Today, there are an estimated over fifteen million alcoholics in the United States over the age of eighteen.
This means that if you have a close relative who is suffering from alcoholism, whether they be a spouse, a child, a parent, a cousin, or a sibling, you are certainly not alone.
And while you may feel very compelled to help your relative, you may also try to help them in a way that is really not going to be beneficial.
Here are the top mistakes that you must avoid at all costs when helping a relative with alcoholism:
Being Confrontational Using “You” Instead of “I”
First and foremost, you need to avoid being confrontational at all costs. This means that using the word ‘You’ should be kept to a minimum, with a better focus on the use of the word ‘I.’
The more confrontational you are, you will be perceived as being much more judgmental by your relative, and that’s simply not going to solve anything.
A good way to ensure that you are as un-confrontational as possible will be to practice and even rehearse out loud to yourself what you plan on saying. If you are planning an intervention with your friends or family members, you’ll want to ensure that you all practice what you are going to say, and prepare yourself for likely responses from the relative.
Not Supporting Your Concerns
For every concern that you raise in regards to your relative’s alcoholism, you will also need to bring up a legitimate and justifiable concern.
Simply saying “it’s bad that you’re an alcoholic” is not only confrontational, but it’s also unsupported. Instead, bring up specific issues that have arisen as a result of your relative’s alcoholism, but again, do so in a way that does not express anger or judgment to them.
This can be very difficult because giving your reasons for your concerns can possibly make you seem judgmental no matter what. The best advice here is to discuss how it’s affecting the lives of other people and not just the alcoholic.
Coercing or Forcing Them To Join Support Groups
It’s totally fine if you believe attending support groups and programs such as Al-Anon meetings is what your relative needs to do. But keep in mind that the only way they can join such a group is if they choose to.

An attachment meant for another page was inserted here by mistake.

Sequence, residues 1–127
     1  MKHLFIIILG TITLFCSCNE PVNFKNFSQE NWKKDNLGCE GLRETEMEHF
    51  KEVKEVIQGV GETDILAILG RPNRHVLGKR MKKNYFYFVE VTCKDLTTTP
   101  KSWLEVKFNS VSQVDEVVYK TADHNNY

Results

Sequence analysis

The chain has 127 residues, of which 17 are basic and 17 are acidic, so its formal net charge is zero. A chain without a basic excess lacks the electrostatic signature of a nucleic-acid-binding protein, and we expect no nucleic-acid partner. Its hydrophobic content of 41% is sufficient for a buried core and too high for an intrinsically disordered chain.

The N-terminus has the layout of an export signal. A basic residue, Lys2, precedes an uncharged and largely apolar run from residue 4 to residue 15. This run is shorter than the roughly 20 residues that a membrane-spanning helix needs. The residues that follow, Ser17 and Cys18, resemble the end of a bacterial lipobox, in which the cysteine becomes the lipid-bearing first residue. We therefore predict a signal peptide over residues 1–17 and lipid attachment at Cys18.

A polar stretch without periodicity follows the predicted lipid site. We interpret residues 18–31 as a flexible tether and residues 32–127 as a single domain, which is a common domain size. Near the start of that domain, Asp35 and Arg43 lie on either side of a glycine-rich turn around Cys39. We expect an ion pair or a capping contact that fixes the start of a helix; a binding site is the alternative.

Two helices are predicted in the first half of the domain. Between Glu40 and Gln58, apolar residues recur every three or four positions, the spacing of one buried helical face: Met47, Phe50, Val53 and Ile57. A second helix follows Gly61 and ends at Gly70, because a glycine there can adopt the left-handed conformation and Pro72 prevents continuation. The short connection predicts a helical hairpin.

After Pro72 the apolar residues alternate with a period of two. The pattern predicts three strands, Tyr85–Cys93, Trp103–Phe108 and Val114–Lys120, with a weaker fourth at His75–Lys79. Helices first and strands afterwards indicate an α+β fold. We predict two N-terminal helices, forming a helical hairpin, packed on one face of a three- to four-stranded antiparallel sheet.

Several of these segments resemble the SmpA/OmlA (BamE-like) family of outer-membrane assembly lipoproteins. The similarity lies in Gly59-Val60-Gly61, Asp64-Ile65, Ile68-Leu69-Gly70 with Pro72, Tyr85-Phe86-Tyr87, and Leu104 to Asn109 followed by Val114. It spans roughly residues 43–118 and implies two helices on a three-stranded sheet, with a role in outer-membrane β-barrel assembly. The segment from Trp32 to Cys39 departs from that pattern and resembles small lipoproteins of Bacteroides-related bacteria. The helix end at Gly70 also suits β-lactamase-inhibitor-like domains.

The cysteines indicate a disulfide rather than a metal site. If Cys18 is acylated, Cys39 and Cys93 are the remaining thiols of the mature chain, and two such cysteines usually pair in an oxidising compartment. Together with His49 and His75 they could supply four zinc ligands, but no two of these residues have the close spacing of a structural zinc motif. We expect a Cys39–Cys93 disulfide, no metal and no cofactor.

In other words, you cannot force or coerce your relative into joining a group even if you believe that it’s exactly what they will need in order to help their issue.
In addition, telling a spouse that you will walk out on them unless if they join the support group or telling a sibling that you will never speak to them again unless they do so are examples of where you are technically using blackmail and coercion to get them to join the group.
Again, if your relative does join an alcoholic support group, it needs to be on their own accord and based on their own decision. You can certainly support them to do it, but again, forcing them is not going to solve anything.
Not Keeping Yourself In Good Shape
Finally, not looking after your own physical and mental health will be another major issue and mistake that you will want to avoid. This is because you are less helpful to your relative if you’re not functioning at your best.
If your relative is particularly close with you, then it can be extremely difficult to see them struggle hard with alcoholism. This is what is going to cause a lot of stress in you, which can have devastating results later. Depression, an unwillingness to eat or exercise, and anxiety are examples of things that can set in.
It may be necessary for you to join your own support group of others who are going through the pain of seeing their own loved ones struggle with alcoholism. It’s also critical that you practice healthy habits and disciplines in your own life, such as eating healthy foods, staying hydrated and drinking plenty of water, meditating, journaling, waking up early, spending time with friends and family, and so on.
Helping A Relative With Alcoholism
The best way to help your relative in their struggle with alcoholism will be to avoid making the kinds of mistakes like the ones that we have covered here today.